Huh.  I would have thought that would be obvious.  There's a ton of stories, characters and loads of art out there that we can learn from, if only to use as a source of inspiration and self-education.  Tarzan is cool, but once you look over some of the alternatives, parallels, and blatant rip-offs, you start to see some fairly archetypal themes and a host of fresh insights start to bubble up from the depths of the primordial collective unconscious.  Wandering barbarians are a dime-a-dozen, but when you familiarize yourself with a dozen or more such characters, you really get a feel for the plots and stories that have been done to death, the tried-and-true, the boring cliches and a peculiar, divine dissatisfaction comes over you --or you cave-in to ennui and waddle off on another tangent-- and you begin to see ways that things could have been or should have been or might have been different.  And then you start to write, draw or create and you either breathe life back into some forgotten character, or you create and contribute your own brand new hero or villain to the overall mix.

Why endlessly repeat and regurgitate the stuff of the past when we can use it as a hyper-fertile matrix for growing fresh new stuff?  Reviving old heroes was old when the Greeks were doing it.  It was stale when Sinbad did it.  And yet those stories are as timeless as they are shameless, and we keep on re-tooling them, re-editing them, and re-presenting them, only now this time in a blue cape or with a domino mask and a pair of hand guns...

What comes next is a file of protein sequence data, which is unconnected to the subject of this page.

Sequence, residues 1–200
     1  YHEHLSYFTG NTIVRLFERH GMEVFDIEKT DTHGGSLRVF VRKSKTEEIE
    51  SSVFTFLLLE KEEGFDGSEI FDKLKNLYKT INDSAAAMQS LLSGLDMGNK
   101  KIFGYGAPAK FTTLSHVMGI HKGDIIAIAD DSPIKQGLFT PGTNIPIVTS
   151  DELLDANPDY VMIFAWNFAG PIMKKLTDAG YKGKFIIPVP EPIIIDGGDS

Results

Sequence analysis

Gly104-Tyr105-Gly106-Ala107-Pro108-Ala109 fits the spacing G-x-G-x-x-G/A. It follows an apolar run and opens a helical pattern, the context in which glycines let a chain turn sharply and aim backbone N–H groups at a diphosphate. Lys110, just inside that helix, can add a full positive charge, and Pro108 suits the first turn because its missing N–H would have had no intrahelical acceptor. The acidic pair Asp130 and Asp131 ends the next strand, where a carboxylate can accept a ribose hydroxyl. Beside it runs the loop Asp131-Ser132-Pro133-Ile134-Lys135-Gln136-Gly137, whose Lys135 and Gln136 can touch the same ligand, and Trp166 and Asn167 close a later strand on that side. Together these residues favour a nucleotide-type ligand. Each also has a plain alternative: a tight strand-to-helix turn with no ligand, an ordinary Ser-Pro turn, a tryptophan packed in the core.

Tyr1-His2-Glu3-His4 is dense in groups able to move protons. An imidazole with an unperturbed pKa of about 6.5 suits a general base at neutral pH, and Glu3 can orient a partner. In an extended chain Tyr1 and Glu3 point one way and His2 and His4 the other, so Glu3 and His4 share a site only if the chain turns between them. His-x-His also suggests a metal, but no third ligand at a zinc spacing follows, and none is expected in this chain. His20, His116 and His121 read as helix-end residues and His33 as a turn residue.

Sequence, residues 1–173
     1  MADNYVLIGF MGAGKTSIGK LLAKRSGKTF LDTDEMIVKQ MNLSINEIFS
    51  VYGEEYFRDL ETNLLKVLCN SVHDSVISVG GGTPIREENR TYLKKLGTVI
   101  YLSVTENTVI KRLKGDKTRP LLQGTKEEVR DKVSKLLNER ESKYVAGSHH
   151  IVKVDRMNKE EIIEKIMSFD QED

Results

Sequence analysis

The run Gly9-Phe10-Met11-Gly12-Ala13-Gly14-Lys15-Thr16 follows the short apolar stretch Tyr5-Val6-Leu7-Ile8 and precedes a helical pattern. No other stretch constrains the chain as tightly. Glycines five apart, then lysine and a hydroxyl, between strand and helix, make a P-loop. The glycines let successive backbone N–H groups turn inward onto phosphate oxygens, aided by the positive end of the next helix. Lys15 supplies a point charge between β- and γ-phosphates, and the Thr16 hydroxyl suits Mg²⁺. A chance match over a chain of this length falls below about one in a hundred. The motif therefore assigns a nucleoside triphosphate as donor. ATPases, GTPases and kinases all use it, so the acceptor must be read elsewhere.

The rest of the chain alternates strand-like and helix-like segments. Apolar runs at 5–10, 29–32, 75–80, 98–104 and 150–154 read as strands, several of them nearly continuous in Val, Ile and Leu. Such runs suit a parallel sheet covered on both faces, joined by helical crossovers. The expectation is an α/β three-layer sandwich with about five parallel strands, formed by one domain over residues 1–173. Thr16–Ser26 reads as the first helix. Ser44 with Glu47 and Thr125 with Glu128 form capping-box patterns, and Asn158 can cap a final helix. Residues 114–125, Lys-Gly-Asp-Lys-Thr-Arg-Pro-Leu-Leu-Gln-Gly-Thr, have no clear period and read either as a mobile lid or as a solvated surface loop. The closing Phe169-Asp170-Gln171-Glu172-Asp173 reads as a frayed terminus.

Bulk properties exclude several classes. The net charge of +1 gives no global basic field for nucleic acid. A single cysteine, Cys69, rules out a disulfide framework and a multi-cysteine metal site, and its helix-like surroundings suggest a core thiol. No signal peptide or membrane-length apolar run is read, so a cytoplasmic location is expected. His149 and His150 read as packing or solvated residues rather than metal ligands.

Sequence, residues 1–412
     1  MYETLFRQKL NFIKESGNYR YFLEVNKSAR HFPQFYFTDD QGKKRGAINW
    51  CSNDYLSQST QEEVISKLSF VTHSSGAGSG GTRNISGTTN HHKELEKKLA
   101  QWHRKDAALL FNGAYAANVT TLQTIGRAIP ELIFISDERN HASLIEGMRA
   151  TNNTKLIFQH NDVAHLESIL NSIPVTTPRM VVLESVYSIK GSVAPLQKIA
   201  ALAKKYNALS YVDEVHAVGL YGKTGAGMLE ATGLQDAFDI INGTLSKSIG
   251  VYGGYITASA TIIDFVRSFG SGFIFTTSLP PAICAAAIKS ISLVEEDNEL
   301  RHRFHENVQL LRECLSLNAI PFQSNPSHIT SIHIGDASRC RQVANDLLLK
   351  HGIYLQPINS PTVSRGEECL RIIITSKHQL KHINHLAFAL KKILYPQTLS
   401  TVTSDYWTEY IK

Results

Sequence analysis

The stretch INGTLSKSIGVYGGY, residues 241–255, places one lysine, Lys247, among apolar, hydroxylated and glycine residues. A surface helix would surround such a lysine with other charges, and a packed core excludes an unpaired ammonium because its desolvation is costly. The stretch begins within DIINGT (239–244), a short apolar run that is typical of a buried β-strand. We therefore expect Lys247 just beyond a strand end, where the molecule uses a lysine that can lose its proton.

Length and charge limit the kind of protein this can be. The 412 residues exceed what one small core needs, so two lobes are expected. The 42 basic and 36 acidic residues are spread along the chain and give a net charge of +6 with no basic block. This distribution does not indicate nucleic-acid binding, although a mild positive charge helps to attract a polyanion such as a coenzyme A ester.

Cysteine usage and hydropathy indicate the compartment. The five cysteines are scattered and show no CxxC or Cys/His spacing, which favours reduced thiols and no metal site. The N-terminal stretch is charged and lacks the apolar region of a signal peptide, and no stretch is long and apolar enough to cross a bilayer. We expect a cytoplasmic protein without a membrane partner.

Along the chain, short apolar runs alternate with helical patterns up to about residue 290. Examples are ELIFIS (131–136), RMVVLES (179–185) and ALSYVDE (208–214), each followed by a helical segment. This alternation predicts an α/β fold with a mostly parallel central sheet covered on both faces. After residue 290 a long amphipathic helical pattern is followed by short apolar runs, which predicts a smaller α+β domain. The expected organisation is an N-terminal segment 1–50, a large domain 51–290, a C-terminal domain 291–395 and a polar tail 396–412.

The Public Domain is all our tool-set and playing field combined.  Those characters relegated to it are ours to use as we see fit, so long as we do our research and are clear on what all someone else has already done or is currently doing, and we take steps to make it uniquely our own interpretation.  Like how Kevin Smith is reviving The Green Hornet for Dynamite as opposed to the stuff coming out via Moonstone.  They're also doing their own version of Zorro and a few others.  I guess it comes down to "Let the best writer/artist team win."  Kind of like capitalist publishing gladitorial combat.

It's nice to have choices.  Not every superhero belongs in the modern age, or even in a retro-steampunk/dieselpunk setting.  Some heroes translate exceptionally well to the prevailing conventions of Fantasy, dark or otherwise.  Zorro is amazingly easy to re-adapt to a faux-medieval setting, just as Robin Hood morphed into DC's Green Arrow fairly easily.  The Shadow could just as easily wield twin hand-crossbows as .45s, and The Spider would make for an intimidating character in just about any setting you cared to bring him into.  Doc Savage would be a worthy replacement for Merlin in King Arthur's court, just as he could easily take Gandalf's place...and probably change the flow of things so drastically that you'd have an entirely new story that'd be both exciting and very, very different than a band of pedestrians taking forever to deal with the world-threatening crisis.